Look at my daughters, as an example. They’re the fastest growing segment of the internet, is that age group. They think it’s dumb that somebody picked up a phone to call to make up an appointment. When we started just five years ago with the launch of Schedulicity, we were still trying to convince people that they could do something better when they actually didn’t realize that what they were doing was that bad.

Andrew: Right. I see. So if they weren’t there yet, you knew that at some point, they would be there. If they weren’t going to ever get there, their customers would drag them there because their customers would insist on it.

Jerry: The customers would drag them there. So that’s a behavior that I’m proud to say we nailed. So now we’ve got millions and millions of consumers. What’s crazy is we see this behavior happening all the time where our consumers are now driving adoption from our businesses because what happens is your hairdresser signs up for Schedulicity or your dog groomer or somebody.

So next thing you know, you just get an email from them saying, “Hey,” it’s all done in our app, but it basically says, “Andrew, you’re going to love me like you’ve never loved me before. Click here. You never have to call me anymore. You can now schedule with me this way.” What happens is you start doing it as a consumer.

I can tell you the time to value for a consumer is one second. As soon as they make an appointment on Schedulicity, it points out the inefficiency of every other service provider they have that’s not on Schedulicity. So what happens is then you go to your massage therapist that you tried calling for four days and then she finally got back to you, but you were in a meeting and then you returned her call and got on the phone and talked for ten minutes about Tuesday at 1:00 or Thursday at 4:00.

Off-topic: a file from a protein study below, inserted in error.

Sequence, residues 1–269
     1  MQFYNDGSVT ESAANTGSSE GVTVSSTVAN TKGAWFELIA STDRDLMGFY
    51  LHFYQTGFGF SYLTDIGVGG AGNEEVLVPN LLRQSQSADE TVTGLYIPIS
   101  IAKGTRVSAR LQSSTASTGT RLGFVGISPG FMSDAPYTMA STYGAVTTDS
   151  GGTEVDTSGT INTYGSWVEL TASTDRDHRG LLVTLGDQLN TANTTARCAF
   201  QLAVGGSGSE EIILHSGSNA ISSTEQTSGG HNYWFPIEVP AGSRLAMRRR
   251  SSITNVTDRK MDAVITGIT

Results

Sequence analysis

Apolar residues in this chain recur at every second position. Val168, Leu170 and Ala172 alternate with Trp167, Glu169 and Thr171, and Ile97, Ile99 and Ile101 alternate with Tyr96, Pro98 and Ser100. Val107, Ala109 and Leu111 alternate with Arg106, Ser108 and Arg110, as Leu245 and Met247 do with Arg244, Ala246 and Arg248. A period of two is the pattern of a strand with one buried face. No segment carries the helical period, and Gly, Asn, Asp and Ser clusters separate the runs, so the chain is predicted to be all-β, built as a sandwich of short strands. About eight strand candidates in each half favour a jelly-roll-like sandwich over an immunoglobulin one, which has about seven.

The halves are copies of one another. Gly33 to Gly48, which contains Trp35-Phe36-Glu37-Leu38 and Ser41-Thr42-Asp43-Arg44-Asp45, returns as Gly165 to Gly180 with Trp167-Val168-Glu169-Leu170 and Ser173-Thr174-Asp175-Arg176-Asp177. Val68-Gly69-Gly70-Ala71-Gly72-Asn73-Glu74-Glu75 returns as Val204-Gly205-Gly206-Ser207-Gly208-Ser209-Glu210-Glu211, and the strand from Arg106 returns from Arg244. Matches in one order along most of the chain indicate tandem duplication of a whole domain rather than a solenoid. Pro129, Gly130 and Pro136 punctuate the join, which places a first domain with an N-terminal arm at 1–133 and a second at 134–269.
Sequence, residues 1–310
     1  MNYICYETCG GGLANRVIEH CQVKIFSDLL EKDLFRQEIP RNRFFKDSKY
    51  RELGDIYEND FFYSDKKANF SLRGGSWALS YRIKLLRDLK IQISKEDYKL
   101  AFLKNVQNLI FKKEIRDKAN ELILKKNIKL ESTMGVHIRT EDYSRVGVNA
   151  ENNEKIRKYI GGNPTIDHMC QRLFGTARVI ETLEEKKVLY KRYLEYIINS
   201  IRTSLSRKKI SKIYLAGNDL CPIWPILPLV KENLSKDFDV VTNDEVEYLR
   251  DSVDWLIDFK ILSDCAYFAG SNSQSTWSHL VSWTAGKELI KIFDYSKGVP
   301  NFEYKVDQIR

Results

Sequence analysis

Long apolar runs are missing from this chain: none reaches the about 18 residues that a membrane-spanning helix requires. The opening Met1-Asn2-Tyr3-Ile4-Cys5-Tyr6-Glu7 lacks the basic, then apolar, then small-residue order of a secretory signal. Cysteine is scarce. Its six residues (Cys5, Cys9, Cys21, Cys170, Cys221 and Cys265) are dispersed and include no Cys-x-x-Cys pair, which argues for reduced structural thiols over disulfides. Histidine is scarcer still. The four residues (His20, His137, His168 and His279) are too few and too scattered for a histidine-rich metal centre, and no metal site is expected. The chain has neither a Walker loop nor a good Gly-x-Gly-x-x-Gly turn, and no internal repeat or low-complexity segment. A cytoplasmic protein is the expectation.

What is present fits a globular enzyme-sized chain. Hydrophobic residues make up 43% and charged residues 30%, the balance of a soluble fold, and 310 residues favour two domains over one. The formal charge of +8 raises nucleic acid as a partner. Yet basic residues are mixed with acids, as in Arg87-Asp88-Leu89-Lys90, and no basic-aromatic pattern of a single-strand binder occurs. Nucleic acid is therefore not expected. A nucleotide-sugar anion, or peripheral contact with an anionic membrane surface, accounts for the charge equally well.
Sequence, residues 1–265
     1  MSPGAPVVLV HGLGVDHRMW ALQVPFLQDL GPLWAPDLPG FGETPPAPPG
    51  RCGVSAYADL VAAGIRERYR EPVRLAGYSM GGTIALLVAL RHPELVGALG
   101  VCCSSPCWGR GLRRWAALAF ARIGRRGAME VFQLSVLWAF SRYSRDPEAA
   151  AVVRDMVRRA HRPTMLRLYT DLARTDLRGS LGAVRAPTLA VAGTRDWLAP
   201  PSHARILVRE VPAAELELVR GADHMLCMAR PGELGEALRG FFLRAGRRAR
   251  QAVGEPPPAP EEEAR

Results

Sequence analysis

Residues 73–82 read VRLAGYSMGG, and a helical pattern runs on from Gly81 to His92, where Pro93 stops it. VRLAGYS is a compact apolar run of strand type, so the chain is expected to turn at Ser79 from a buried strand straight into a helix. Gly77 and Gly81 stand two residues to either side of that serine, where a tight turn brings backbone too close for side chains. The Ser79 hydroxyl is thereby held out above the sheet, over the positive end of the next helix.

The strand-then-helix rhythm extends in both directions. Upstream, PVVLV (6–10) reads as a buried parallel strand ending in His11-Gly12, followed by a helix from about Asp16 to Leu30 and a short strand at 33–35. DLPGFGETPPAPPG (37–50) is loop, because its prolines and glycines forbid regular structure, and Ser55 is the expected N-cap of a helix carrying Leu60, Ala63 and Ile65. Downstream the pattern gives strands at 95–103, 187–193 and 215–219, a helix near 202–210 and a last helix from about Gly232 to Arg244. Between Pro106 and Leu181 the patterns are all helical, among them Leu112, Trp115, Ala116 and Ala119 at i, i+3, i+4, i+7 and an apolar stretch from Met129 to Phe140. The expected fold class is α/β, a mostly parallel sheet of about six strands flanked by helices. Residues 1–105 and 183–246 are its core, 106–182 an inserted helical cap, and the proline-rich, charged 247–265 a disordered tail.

Andrew: There were other businesses now that do this, right? The founder of Redbeacon here on Mixergy was talking about how he started, I forget the name of his company–I’m looking here online. I see that there are companies like Setster, Appointment-Plus, MindBody, at least that’s what GetApp is suggesting.

Jerry: Sure. There are other businesses out there.

Andrew: MyTime is the other one. That’s from the founder of Redbeacon.

Jerry: Yeah. Those are a little bit different, from same similar world.